We’ve already written about why it’s important to track individual surgeon performance.
But here’s what Ashish Jha, MD, Professor of Medicine at Harvard, said about the critical importance of surgeon-level quality data in the medical journal, JAMA last year.
Dr. Jha’s editorial is aimed squarely at the skeptics. With careful attention to research, he dismantles common objections to reporting surgeon outcomes — most of which come from the surgeons themselves. These skeptical surgeons favor facility-level quality data. However, the evidence suggests that this broader measure doesn’t give patients the information they need. As Dr. Jha put it: “picking the right surgeon is at least as important as picking the right hospital.”
Here are four reasons why. Read more »
Self-insured employers: how many of your employees get surgeries they don’t need? Evidence suggests the number might be higher than you think.
Physicians say that as much as 11.1% of all surgical procedures are given inappropriately.
Each year, 500,000 patients get heart stents, and 700,000 patients get meniscus knee surgeries that show next to no clinical benefits.
Aside from the risks these unneeded procedures pose to patients, they also come at outrageous prices. The annual cost of unnecessary surgery for every 1,000 employees in your company — about $250,000.
Clearly, inappropriate surgeries are a problem you can’t afford to ignore. But what can your company do about them?
Read more »
Perceptions of patients have changed. They’re not just “patients” anymore — they’re also “customers.”
And that small semantic difference has big implications for the healthcare industry. One of them is the abundant use of customer-satisfaction surveys.
Enshrined into official healthcare policy in 2010, patient satisfaction now carries serious implications for providers. Hospitals that fail to sufficiently satisfy their patients see significant cuts in their reimbursement for Medicare and Medicaid services. Read more »
On its surface, ‘Centers of Excellence’ looks like an intelligent strategy.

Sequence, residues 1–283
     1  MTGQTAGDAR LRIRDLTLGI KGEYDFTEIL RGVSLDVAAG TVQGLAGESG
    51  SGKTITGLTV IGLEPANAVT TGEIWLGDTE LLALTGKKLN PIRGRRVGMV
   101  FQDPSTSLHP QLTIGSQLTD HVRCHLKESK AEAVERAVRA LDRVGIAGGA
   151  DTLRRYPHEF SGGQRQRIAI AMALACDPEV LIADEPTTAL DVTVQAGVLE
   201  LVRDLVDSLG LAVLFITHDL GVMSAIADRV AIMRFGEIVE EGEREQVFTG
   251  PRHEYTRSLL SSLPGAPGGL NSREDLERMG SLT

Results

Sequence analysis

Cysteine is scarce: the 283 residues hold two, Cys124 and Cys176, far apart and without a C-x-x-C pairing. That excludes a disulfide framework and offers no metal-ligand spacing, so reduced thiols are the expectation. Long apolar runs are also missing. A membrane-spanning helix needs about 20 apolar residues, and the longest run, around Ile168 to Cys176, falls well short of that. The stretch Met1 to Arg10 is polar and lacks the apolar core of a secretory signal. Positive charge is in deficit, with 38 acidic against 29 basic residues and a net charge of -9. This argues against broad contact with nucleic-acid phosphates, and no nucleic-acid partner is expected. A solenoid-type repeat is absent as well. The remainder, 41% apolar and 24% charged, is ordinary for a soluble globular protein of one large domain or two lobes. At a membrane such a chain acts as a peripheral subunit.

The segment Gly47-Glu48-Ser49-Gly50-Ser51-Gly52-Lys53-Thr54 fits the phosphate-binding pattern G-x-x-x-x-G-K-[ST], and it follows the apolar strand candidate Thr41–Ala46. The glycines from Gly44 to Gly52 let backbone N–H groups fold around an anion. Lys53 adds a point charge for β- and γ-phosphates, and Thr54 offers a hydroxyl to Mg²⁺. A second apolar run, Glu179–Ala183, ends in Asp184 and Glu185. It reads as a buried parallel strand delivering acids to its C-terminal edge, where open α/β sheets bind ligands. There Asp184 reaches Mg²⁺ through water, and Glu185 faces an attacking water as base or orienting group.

Self-insured employers, pursuing cost-efficiencies and streamlined care for employees, select certain hospitals to become provider-partners. They label these partners ‘Centers of Excellence’, and design their benefits packages around them.
But this model only works if employers rigorously scrutinize the provider’s quality of care. Unfortunately, their due diligence sometimes falls short. MPIRICA’s analysis has found that employers frequently select hospitals that may not have the strongest track record for surgical success.
Read more »
The term “Center of Excellence” (CoE) is a powerful distinction. Self-insured employers have begun to apply this label to hospitals they partner with to deliver high-ticket, high-volume surgeries — like total knee replacements — to their employees.
For employers, the bundled pricing that CoEs offer (in exchange for a volume of patients) is an attractive prospect. But for the employees, the label means much more.
Read more »
Note: This post, from MPIRICA CEO Shakil Haroon, originally appeared at BenefitsPRO.
Narrow networks might have been born in the 90s, but they came of age in the last five years.
Recent surges in care costs, plus the effects of the Affordable Care Act, have made these plans more attractive to payers. By funneling patients toward a relatively small range of providers, narrow networks help insurers contain costs and improve outcomes. Read more »